Oliver Laric is an Austrian-born artist, who currently resides in Berlin. His work is questioning copyrights or, rather, thinking about the additional value that arises through copying and cultural transfer. Although he’s not skating anymore, he’s still observing the skate scene and already knew about Isle when Nick Jensen –an artist himself – was asking for a collaboration on a board series. Their appointment gave us the opportunity to participate at a chat between Oliver and Nick that might be a bit off the tracks from what you normally read in a skate magazine. But if we got it right, creating something new by bringing ideas from one world to another is exactly what Oliver is all about.
Have you ever seen it on YouTube when people perform over their favorite hits? I always thought – why do they do that? I would be embarrassed, but perhaps if I considered myself to be a cool and talented rapper/singer, then I would think otherwise. This came to me when I saw Oliver Laric’s first solo exhibition in London back in 2008. He compiled multiple YouTube clips of amateur acolytes rapping over 50 Cent’s In Da Club, Candy Shop and How We Do. It made me laugh and drew me in – I was fascinated. Oliver brings new relationships to things that I would have otherwise missed. I admire his work and I am delighted to be working with him on our next series for Isle.
– Nick Jensen
I was skating from when I was 11 until I was 16 or 17 and it was central to my life. It all ended with a complicated fracture of my right arm. At some point, I did have naive ambitions to become pro, which never became a reality, so doing board graphics now is a delayed dream come true.
While I was still skating, I was following Jamie Thomas, Brian Anderson, Kareem Campbell, Tom Penny, and Ricky Oyola, among others. As of late, I enjoy watching Bryan Herman, Neen Williams, Lem Villemin, Tom Knox, and Diego Najera, among others.
The motifs depict transitional moments, somewhere between A and B, that are inherently adaptable, so they can simultaneously exist as skateboard graphics, sculptures, and videos.
The vertical format is not easy at all and I do have a different appreciation for regular board designers from this experience.
A still from a video omits information, but it also has potential to produce speculative information. I like the idea that a single moment in time can imply an imagined before and after.
I’m very excited to see how the graphics will change through that kind of usage. My favorite public monuments tend to be those that don’t exist in a vacuum but keep getting modified by nature or graffiti. To me, there is no predefined hierarchy of values between the different iterations of the work from skateboard to museum.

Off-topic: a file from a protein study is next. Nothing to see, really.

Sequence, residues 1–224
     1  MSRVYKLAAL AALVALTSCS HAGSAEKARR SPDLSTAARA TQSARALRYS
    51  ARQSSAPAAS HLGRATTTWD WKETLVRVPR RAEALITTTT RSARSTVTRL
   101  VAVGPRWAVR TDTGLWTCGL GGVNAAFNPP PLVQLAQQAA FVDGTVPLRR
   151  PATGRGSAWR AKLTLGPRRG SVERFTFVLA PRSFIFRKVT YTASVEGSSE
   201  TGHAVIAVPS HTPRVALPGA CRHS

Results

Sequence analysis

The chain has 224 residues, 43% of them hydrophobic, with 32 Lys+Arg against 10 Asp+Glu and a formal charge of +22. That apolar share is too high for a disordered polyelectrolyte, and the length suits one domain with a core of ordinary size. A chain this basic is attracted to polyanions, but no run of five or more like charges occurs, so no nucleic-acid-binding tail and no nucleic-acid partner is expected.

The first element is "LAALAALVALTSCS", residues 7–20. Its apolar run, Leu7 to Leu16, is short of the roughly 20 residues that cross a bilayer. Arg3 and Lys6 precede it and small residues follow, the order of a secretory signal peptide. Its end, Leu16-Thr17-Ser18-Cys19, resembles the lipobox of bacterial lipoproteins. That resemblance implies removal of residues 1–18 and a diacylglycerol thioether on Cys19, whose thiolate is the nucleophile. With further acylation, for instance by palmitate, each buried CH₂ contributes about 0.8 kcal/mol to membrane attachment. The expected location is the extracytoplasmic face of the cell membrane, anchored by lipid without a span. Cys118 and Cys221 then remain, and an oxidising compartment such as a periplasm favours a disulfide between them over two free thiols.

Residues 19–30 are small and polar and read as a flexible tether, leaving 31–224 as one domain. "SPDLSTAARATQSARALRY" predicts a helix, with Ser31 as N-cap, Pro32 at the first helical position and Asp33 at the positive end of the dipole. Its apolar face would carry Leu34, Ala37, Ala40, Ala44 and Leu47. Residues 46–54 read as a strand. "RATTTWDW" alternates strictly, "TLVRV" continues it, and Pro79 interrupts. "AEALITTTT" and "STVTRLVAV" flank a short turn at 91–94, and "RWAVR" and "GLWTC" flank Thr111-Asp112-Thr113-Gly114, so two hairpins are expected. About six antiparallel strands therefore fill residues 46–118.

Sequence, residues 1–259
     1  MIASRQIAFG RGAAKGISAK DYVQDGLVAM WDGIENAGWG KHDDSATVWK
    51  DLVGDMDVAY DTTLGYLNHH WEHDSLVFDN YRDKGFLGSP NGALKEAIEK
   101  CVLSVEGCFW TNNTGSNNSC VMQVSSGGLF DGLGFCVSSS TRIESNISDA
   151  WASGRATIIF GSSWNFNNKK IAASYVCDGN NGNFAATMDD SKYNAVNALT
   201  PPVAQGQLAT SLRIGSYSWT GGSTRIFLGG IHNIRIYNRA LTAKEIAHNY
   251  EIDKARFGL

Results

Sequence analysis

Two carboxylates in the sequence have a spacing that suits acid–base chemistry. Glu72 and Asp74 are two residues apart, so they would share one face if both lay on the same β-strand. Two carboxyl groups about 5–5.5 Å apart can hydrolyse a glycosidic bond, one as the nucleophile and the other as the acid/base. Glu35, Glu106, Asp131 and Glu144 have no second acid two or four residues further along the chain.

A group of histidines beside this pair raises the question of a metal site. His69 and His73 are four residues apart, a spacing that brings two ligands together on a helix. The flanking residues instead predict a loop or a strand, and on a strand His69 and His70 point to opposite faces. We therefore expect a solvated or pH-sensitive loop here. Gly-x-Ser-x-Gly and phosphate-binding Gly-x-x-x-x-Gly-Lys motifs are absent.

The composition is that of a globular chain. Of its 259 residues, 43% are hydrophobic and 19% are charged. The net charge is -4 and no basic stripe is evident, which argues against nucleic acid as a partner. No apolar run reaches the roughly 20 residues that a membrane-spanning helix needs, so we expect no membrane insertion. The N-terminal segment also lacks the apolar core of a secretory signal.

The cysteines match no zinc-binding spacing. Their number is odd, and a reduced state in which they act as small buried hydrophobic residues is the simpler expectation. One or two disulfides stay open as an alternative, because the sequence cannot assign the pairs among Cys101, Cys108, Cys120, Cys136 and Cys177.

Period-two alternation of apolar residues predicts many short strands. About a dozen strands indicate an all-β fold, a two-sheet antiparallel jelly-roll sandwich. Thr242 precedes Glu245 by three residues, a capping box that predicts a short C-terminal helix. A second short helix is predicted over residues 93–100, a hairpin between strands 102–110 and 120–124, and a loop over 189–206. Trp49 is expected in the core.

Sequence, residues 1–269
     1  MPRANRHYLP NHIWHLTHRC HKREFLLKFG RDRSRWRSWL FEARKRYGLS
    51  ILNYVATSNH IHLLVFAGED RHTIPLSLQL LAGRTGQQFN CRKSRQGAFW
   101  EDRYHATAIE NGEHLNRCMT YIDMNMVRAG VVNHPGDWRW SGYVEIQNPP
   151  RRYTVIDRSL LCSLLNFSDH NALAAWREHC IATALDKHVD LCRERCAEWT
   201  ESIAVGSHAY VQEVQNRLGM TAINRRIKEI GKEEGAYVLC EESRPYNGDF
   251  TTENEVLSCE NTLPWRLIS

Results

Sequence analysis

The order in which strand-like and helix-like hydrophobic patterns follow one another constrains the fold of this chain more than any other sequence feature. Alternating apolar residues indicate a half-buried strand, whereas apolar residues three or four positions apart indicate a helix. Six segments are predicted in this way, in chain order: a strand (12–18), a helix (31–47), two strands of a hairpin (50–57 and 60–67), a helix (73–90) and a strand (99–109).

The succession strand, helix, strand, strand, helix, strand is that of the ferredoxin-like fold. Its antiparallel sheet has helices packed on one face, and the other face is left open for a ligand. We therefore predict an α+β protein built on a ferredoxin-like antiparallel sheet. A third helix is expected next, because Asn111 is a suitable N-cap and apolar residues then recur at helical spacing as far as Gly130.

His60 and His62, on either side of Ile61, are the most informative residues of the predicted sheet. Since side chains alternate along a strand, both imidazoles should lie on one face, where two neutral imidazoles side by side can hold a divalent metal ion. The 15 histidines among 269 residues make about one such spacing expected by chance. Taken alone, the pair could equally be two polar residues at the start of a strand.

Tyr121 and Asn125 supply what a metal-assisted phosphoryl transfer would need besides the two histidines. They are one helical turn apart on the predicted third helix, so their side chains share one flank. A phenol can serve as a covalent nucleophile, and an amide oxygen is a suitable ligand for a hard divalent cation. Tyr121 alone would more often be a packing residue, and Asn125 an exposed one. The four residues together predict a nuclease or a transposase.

I completely disagree with that thought. If anything, reproduction seems to amplify aura. Every T-shirt, lighter, and napkin depicting the Mona Lisa acts as an invitation to make that pilgrimage to the Louvre.
People certainly seem to attempt the reproduction of style. I felt like that was the case when Tom Penny appeared. I noticed an influx of skaters trying very hard to look relaxed. Every skater emulating Tom Penny seems to amplify his aura. It’s hard to articulate style and even harder to quantify, which might be the issue with formats such as SLS.
I wonder if there are any studies on the effects of Tony Hawk’s Pro Skater on technical progression in skating and if there has been an observable increase of multi-trick-ledge-combos in skate videos following the release of the game. There are obvious benefits to accessibility, but I guess there is an element of pressure to participate and a continuous need to document and spread material that demands affirmation.
It’s important to me that the accessibility of work is not restricted financially. There is also comfort in having your own space without geographic restrictions. Much of the enjoyment of making work available for free is seeing how it is being used. One of the graphics I used for the decks is a rendering of a 3D scan of a statue of Hermanubis from the 2nd century AD. The statue is a hybrid of Greek and Egyptian mythology, combining a human body with a jackal head. It’s downloadable from my website threedscans.com and can be used without any copyright restrictions.
I feel like I’ve also noticed this. When I was skating, varial flips were forbidden but seem to be part of the acceptable repertoire at this point, as the trick is a reference, not a trick per se. I feel this referentialism and positioning is common across disciplines, specifically in music.
"My favorite recent video parts are raw or rough cuts and B-material, such as Tom Knox’s Vase part. They seem to benefit from the inclusion of failed attempts and exclusion of music."
That line is stolen from Susan Sontag. I do have a sense of familiarity with many skate spots, even if I’ve never been there. And I might visit EMB if I ever go to San Francisco just to maintain that idea of collective perception.
My favorite recent video parts are raw or rough cuts and B-material, such as Tom Knox’s Vase part. They seem to benefit from the inclusion of failed attempts and exclusion of music. These parts might be the equivalent of the B-side in music, which has often been the more interesting space for experimentation. On the other hand, I do appreciate what Yeah Right! did. I don’t think it’s necessarily a choice between one or the other.
No I haven’t… should I get into it?